Do you remember those old zombie movies? Well, I think Richard Pombo has been channeling his inner zombie. It’s pretty easy to conjure up the image of him walking out of a field, eyes glazed over, coming to gnaw on the flesh of the Endangered Species Act. Relentless and single-minded in his purpose — nothing else matters. Just grab the Endangered Species Act and rip it apart with his teeth.
Meanwhile, the residents of CA-11 face REAL problems. According to Vision 2030
, the Draft Regional Transportation Plan for San Joaquin County, the population of northern San Joaquin County is predicted to rise from 630,000 in 2005 to 1.1 million by 2030. Concomitantly, the plan predicts that the number of jobs in the County will rise from 207,000 in 2005 to 289,000 by 2030.
So okay, let’s do the math. 500,000 additional people in the next 25 years — 80,000 additional jobs. Not promising.
The solution envisioned by the Vision 2030 team assembled by the San Joaquin Council of Governments (SJCOG) is transportation, and lots of it. Utilizing additional buses, rail, road expansion, and even bike paths, SJCOG’s plan foresees sending hundreds of thousands more people out of the region to find work. To accommodate this growing army of commuters, Vision 2030 estimates the price tag for needed transportation projects in San Joaquin County will top out at $8 billion over the next 25 years.
So it’s good to know that in last month’s federal transportation bill, Richard Pombo was able to bring a whopping $2.5 million
to the San Joaquin County portion of CA-11 for Fiscal Year ’07. Gee, only $7.997 billion left to go.
Herein lies the problem: Richard Pombo is not doing his job. As a matter of fact, he has taken a leave of absence. You see, it’s all a matter of priorities. Richard Pombo doesn’t care about traffic — unless he can route it through his family’s property and drive up their land values
; otherwise, it leaves him cold. Here’s an excerpt from a SF Chronicle interview which Pombo has proudly posted on his House Resources Committee website
Rep. Richard Pombo, sitting in a sunny conference room at his district office in San Ramon, listens to Danville officials plead their case for more federal money for transportation projects and a new veterans memorial.
Pombo, a Republican from Tracy who's served in the House since 1993, hears dozens of similar requests every time he's back in his district. He is polite and says he'll lean on his GOP allies to help Danville, but can't guarantee every request will be met.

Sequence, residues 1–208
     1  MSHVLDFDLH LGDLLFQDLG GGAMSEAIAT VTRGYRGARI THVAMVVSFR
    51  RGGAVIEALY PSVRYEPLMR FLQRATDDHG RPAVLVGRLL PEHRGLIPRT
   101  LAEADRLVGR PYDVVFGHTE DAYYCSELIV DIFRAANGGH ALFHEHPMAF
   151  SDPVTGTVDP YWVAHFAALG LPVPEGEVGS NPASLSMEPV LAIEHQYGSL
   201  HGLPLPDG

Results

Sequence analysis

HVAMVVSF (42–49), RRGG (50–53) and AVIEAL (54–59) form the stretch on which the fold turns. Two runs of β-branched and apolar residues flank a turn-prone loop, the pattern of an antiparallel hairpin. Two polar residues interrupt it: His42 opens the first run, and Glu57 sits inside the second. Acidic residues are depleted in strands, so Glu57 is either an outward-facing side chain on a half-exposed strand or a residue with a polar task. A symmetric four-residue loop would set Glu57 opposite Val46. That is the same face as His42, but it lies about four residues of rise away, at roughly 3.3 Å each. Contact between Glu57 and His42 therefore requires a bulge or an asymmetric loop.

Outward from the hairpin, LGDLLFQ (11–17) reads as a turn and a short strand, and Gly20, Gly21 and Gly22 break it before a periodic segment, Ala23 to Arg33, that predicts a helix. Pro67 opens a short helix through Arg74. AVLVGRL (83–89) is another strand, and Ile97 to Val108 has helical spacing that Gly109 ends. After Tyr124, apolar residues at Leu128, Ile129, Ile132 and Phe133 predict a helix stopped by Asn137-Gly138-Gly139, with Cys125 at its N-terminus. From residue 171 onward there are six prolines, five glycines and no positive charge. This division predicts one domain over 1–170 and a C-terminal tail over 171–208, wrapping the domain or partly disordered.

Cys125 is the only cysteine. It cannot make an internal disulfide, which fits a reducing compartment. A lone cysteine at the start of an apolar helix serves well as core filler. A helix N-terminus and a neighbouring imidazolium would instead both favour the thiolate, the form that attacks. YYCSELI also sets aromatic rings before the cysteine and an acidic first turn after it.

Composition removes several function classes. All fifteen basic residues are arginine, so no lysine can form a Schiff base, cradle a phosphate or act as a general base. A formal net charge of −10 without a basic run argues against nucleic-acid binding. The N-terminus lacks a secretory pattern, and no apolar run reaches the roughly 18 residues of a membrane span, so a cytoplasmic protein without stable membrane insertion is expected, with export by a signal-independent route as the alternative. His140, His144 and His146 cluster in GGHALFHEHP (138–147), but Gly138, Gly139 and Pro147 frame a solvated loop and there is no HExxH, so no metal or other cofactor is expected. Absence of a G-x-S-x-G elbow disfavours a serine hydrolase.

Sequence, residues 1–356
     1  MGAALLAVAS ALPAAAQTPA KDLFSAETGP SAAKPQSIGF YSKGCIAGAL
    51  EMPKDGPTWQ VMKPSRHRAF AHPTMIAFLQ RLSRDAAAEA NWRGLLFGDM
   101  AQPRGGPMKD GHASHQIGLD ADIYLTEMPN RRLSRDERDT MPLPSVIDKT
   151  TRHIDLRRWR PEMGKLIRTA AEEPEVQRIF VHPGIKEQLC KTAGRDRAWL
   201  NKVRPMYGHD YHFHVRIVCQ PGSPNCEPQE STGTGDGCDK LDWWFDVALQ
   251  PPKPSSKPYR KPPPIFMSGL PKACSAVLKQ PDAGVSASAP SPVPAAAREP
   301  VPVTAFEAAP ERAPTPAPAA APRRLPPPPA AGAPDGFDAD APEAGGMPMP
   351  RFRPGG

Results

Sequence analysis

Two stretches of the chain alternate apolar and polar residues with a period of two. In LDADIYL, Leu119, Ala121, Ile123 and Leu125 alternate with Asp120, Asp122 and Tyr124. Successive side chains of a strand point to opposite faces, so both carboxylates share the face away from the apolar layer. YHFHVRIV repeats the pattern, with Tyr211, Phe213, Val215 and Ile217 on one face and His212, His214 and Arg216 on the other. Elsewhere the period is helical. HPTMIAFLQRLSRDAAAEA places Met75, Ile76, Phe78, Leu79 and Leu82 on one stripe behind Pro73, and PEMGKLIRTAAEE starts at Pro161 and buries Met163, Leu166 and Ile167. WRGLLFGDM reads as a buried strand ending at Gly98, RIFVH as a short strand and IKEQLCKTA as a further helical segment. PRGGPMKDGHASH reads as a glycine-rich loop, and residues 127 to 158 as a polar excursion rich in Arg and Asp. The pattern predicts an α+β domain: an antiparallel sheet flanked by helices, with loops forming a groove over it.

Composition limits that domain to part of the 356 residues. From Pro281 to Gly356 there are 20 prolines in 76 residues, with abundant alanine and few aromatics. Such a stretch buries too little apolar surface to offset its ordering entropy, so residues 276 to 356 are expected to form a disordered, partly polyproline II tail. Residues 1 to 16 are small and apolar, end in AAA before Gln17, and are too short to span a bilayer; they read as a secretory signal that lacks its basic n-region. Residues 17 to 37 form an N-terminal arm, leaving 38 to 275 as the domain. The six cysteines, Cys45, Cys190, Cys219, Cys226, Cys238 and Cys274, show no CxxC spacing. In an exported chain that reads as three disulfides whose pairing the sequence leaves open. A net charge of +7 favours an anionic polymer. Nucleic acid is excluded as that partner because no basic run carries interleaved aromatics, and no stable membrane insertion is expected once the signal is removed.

But when Danville mayor Newell Arnerich complains that his city and other Bay Area communities could face millions of dollars in costs to meet stringent federal environmental rules for storm water runoff, Pombo springs into action.
"If it needs a change in federal law," he said during the meeting earlier this year, "we'll have to take a look at how we can make that happen."
All that talk about transportation projects and infrastructure and funding is just soooo boring when there are environmental laws to be struck down. In fact, that nasty transportation stuff can really get in your way when all you really want to do is devote your full energies to gutting the Endangered Species Act, selling off vast tracts of National Park and National Forest lands at fire sale prices, and drilling for oil both in Alaska and off America’s coastlines.
But what, exactly, are CA-11’s residents concerned about in their everyday lives? Well, an article in last fall’s Pleasanton Weekly
had this to say:
"Transportation is the No. 1 issue wherever he goes in his extensive district," said Nicole Taylor Philbin, Pombo's press secretary.
So what is Richard Pombo doing about it?
Pombo is currently on leave from the Transportation Committee, Philbin said, while serving as the chairman of the House Resources Committee […]
Philbin said a priority for Pombo as chairman of the Resources Committee is to protect property owners by revamping the Endangered Species Act.
So Pombo, who is actually a member of the powerful House Transportation Committee and thus uniquely positioned to bring vital federal transportation dollars to his district, has taken a leave of absence
so that he can focus all his energies on his work at the House Resources Committee. Of course, the fact that he just happens to be raking in ungodly amounts of money
from mining, timber and big oil for his campaign is just a side benefit to his passion for eviscerating environmental laws.
And as to his constituents’ traffic woes? Sorry. Pombo is focused on his main priority — how to best devour the ESA.”Zombies, man. They creep me out.”